The methods used for general biochemical characterization, as well as the methods used to determine volatile fatty acid content and methylation of nonvolatile fatty acids, were the procedures described by Holdeman et al., Anaerobe Laboratory Manual, 4th ed., 1977, Virginia Polytechnic Institute and State University, Blacksburg, Va. and in the instructions for the Minitek anaerobic system (BBL Microbiology Systems, Cockeysville, Md.). The compounds used in the fermentation assays were glucose, sucrose, lactose, cellobiose, mannose, arabinose, trehalose, and xylose. Phenylacetic acid was detected in methylated samples as described by Assche (J. Clin. Microbiol. 8:614-615, 1978).

The fatty acids were analyzed by the method described by Moore et al (Int. J. Syst. Bacteriol. 36:271-280, 1987). A Shimadzu model GC-9A gas chromatograph equipped with a flame ionization detector and a model Chromatopac C-R3A integrator (Shimadzu Co., Tokyo, JAPAN) were used for detection. The organic phase was chromatographed on a 3% OV-225 column (0.3 by 300 cm; Shimadzu Co.) For fatty acid identification, a bacterial acid methyl ester CP mixture (Matreya, Inc., Pleasant Gap, Pa.) was used as the standard.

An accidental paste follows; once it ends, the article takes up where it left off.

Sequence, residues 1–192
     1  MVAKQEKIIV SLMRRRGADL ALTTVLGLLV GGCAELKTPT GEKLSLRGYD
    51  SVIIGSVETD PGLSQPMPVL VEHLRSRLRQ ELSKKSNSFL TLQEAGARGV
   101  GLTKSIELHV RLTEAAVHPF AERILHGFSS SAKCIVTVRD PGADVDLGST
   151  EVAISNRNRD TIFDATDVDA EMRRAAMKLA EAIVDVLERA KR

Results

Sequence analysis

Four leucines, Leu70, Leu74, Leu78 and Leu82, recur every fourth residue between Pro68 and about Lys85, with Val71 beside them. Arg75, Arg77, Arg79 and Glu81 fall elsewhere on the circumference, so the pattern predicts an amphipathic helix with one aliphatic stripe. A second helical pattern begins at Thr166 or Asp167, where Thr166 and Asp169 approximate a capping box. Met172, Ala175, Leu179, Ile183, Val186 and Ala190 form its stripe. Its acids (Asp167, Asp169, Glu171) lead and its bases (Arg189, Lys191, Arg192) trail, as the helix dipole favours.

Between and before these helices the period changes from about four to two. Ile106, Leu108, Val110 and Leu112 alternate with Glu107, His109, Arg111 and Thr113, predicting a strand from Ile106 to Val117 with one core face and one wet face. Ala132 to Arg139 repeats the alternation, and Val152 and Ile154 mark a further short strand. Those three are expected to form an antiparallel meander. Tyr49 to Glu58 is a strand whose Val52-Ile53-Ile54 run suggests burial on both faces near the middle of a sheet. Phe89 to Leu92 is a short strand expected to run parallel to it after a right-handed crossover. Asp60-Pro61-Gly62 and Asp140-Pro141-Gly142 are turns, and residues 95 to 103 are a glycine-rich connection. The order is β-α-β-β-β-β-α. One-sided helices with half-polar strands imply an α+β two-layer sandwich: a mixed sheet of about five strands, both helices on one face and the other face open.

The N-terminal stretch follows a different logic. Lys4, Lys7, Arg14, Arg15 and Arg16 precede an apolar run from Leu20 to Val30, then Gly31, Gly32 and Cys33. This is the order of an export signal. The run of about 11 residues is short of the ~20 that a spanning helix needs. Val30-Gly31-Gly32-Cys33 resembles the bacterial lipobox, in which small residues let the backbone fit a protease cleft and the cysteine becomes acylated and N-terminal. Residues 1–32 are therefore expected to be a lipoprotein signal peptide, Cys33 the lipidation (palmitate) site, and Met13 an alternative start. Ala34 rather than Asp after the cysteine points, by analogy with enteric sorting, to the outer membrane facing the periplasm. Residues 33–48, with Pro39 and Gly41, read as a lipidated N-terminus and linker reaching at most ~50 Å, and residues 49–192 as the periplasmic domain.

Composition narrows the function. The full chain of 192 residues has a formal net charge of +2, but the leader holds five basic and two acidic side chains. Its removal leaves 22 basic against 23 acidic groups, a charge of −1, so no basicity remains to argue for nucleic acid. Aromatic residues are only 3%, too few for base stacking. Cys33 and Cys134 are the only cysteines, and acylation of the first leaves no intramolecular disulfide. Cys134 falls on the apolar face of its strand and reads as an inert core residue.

Production of catalase was tested by adding a few drops of 30% H2 O2 to cell suspensions (Holdeman et al., Anaerobe Laboratory Manual, 4th ed., Virginia Polytechnic Institute and State University, Blacksburg, Va., 1977). Hemagglutination activity was determined with 48-hour cultures in microtiter plates containing sheep erythrocytes, and the results were scored on a scale from 0 to 3+ (Laliberte et al., supra, 1983).